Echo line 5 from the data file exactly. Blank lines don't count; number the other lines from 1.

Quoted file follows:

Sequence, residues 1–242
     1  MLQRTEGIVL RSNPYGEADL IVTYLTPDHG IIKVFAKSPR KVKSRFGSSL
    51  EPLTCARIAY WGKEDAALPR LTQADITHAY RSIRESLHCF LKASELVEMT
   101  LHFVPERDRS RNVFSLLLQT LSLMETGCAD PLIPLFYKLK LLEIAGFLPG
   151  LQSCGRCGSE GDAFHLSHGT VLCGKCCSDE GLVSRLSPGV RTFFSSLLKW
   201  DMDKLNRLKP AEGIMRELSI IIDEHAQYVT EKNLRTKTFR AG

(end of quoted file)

   151  LQSCGRCGSE GDAFHLSHGT VLCGKCCSDE GLVSRLSPGV RTFFSSLLKW